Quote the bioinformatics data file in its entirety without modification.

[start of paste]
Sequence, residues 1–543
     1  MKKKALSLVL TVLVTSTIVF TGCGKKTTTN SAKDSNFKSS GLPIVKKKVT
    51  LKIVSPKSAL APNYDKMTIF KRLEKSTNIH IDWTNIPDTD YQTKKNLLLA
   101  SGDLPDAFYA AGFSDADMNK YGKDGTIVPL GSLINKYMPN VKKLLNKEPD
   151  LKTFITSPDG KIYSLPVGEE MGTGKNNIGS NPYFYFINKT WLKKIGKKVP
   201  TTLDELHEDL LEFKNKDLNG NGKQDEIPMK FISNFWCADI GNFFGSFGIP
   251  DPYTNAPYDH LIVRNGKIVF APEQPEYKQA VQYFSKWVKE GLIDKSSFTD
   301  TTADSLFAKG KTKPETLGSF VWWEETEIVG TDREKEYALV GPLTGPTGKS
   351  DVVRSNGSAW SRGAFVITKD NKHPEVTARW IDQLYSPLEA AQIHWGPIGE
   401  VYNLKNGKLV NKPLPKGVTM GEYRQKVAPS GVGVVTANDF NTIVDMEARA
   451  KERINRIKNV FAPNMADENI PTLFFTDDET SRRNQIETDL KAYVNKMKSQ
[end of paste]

Sequence, residues 1–543
     1  MKKKALSLVL TVLVTSTIVF TGCGKKTTTN SAKDSNFKSS GLPIVKKKVT
    51  LKIVSPKSAL APNYDKMTIF KRLEKSTNIH IDWTNIPDTD YQTKKNLLLA
   101  SGDLPDAFYA AGFSDADMNK YGKDGTIVPL GSLINKYMPN VKKLLNKEPD
   151  LKTFITSPDG KIYSLPVGEE MGTGKNNIGS NPYFYFINKT WLKKIGKKVP
   201  TTLDELHEDL LEFKNKDLNG NGKQDEIPMK FISNFWCADI GNFFGSFGIP
   251  DPYTNAPYDH LIVRNGKIVF APEQPEYKQA VQYFSKWVKE GLIDKSSFTD
   301  TTADSLFAKG KTKPETLGSF VWWEETEIVG TDREKEYALV GPLTGPTGKS
   351  DVVRSNGSAW SRGAFVITKD NKHPEVTARW IDQLYSPLEA AQIHWGPIGE
   401  VYNLKNGKLV NKPLPKGVTM GEYRQKVAPS GVGVVTANDF NTIVDMEARA
   451  KERINRIKNV FAPNMADENI PTLFFTDDET SRRNQIETDL KAYVNKMKSQ